Tape measureApril is Math Awareness Month in the United States, and we’re inclined to focus this post on numbers.

Indeed chimney and fireplace safety is all about numbers, and we want to share some of the more significant ones with you.

3 feet outdoors: This is the minimum required distance between your rooftop and chimney opening. Anything closer is not up to code and a potential risk to your safety. There are some cases when even more clearance is required, and your local CSIA Certified Chimney Sweep can provide information on those cases.

3 feet indoors: Homeowners are typically at the mercy of contractors and construction professionals for many of the numbers we’re discussing here, but this is one that every homeowner does have control over. Three feet is the absolute minimum distance you should keep between combustibles and your fireplace opening. Whether it’s stockings during the holidays or a piece of furniture that’s in place all year long, keep all items clear of your fireplace opening to improve your safety.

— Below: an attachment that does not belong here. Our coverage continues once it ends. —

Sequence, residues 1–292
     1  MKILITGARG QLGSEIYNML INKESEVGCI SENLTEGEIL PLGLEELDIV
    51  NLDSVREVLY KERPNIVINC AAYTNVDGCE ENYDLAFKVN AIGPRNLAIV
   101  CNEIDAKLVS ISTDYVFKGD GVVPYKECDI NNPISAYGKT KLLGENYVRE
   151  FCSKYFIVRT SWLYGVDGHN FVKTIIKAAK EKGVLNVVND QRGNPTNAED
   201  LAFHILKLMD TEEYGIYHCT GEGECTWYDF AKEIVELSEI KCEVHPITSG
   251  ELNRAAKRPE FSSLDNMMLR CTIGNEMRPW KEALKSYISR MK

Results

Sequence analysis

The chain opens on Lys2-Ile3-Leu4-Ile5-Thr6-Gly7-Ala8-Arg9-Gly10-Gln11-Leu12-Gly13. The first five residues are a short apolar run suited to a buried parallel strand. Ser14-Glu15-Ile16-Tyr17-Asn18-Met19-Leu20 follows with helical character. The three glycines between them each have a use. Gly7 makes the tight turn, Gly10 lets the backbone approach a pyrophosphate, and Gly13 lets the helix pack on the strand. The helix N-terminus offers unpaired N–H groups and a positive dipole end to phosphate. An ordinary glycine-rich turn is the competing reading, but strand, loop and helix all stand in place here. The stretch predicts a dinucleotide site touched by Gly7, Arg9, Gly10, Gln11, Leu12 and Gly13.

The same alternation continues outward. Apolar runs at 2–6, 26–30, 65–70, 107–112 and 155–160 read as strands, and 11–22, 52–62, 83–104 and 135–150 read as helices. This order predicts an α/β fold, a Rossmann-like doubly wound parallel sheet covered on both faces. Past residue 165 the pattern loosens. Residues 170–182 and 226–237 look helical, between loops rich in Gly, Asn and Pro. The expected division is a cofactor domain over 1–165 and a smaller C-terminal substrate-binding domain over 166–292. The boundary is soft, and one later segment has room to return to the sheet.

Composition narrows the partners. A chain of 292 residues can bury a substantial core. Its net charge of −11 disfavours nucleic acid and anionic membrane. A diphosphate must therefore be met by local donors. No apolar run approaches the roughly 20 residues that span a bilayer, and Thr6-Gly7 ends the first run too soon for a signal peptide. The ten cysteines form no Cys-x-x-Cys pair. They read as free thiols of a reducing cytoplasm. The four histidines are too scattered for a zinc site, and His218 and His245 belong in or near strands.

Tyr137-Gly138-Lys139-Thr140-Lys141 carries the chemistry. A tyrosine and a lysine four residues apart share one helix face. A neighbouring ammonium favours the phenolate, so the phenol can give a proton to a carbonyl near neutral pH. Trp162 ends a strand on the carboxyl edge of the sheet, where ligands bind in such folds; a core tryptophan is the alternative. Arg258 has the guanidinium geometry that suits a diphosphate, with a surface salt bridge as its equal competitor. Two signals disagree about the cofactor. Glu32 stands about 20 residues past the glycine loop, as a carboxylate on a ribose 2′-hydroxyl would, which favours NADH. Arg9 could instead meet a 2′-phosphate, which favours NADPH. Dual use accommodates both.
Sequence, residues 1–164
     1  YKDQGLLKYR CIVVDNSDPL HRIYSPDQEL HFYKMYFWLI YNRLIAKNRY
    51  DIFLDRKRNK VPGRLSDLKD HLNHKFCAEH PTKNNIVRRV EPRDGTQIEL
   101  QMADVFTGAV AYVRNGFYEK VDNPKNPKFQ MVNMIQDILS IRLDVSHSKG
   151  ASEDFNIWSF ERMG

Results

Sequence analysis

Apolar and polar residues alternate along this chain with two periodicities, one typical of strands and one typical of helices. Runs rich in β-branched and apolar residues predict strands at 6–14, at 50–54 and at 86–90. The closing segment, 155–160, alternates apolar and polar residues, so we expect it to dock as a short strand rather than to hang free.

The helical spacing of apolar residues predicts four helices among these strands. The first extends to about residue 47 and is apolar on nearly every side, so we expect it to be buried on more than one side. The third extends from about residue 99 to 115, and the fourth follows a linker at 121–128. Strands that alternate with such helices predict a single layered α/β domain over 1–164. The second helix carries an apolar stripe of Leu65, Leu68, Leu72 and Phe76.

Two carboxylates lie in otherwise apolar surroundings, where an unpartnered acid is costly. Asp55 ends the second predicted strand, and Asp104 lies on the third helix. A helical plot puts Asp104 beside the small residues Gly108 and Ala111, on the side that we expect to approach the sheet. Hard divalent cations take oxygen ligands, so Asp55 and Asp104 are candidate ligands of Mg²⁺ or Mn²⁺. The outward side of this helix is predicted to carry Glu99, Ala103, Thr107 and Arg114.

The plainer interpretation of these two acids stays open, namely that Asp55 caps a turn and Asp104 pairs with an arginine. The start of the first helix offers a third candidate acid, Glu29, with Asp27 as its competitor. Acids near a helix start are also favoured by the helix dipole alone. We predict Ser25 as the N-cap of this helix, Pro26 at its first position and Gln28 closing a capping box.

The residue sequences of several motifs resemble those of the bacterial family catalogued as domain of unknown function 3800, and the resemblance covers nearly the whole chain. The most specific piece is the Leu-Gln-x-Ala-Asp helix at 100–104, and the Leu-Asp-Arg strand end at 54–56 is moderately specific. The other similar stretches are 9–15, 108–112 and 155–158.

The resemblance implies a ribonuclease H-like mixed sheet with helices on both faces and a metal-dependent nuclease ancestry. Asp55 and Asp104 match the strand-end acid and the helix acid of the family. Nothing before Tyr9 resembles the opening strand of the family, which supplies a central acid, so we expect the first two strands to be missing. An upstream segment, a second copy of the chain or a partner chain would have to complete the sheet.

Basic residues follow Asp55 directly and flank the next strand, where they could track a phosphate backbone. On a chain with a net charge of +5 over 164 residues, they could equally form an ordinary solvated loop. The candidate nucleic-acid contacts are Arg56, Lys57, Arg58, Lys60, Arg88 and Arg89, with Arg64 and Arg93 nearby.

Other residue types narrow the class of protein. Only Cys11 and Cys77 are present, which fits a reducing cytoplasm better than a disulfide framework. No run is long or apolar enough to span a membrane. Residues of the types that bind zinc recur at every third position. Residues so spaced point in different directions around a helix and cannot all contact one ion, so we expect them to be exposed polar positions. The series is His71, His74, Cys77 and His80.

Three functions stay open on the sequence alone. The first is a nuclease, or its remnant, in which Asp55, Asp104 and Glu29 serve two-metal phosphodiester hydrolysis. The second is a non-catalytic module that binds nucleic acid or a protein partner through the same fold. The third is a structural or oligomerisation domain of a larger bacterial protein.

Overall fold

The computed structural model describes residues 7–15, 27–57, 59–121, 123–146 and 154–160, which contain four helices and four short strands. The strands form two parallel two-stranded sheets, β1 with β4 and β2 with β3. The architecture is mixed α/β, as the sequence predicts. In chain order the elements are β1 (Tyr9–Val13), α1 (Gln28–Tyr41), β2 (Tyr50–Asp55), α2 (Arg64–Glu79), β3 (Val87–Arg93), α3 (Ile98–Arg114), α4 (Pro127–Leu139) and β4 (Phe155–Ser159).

16 inches: This is how far your hearth, or the flooring of your fireplace, should extend into your living area if your fireplace opening is less than 6 square feet. This distance protects against hot embers or other objects from the fireplace coming into contact with carpet or other flammable materials in your living space.

8 inches: This is how far your hearth should extend out from each side of your fireplace opening when the opening is less than 6 square feet.

2 feet: A decorative mantle is a wonderful accent to the beauty of a fireplace and fire, but any mantle that projects more than one and a half inches from the wall needs to be installed at least two feet above the fireplace opening in order to reduce the risk of fire.

When you add it all up, knowledge is power. We hope you’ve increased your knowledge of the numbers that help reduce chimney risks and are empowered to make the changes necessary for a safer home.